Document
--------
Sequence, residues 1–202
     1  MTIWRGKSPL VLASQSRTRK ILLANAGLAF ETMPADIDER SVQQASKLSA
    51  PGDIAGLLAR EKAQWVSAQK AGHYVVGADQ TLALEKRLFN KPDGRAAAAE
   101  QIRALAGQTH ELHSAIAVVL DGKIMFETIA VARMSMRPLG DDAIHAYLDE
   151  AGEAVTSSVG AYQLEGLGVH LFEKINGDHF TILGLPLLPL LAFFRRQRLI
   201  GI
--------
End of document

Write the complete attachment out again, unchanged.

Sequence, residues 1–202
     1  MTIWRGKSPL VLASQSRTRK ILLANAGLAF ETMPADIDER SVQQASKLSA
    51  PGDIAGLLAR EKAQWVSAQK AGHYVVGADQ TLALEKRLFN KPDGRAAAAE
   101  QIRALAGQTH ELHSAIAVVL DGKIMFETIA VARMSMRPLG DDAIHAYLDE
   151  AGEAVTSSVG AYQLEGLGVH LFEKINGDHF TILGLPLLPL LAFFRRQRLI
   201  GI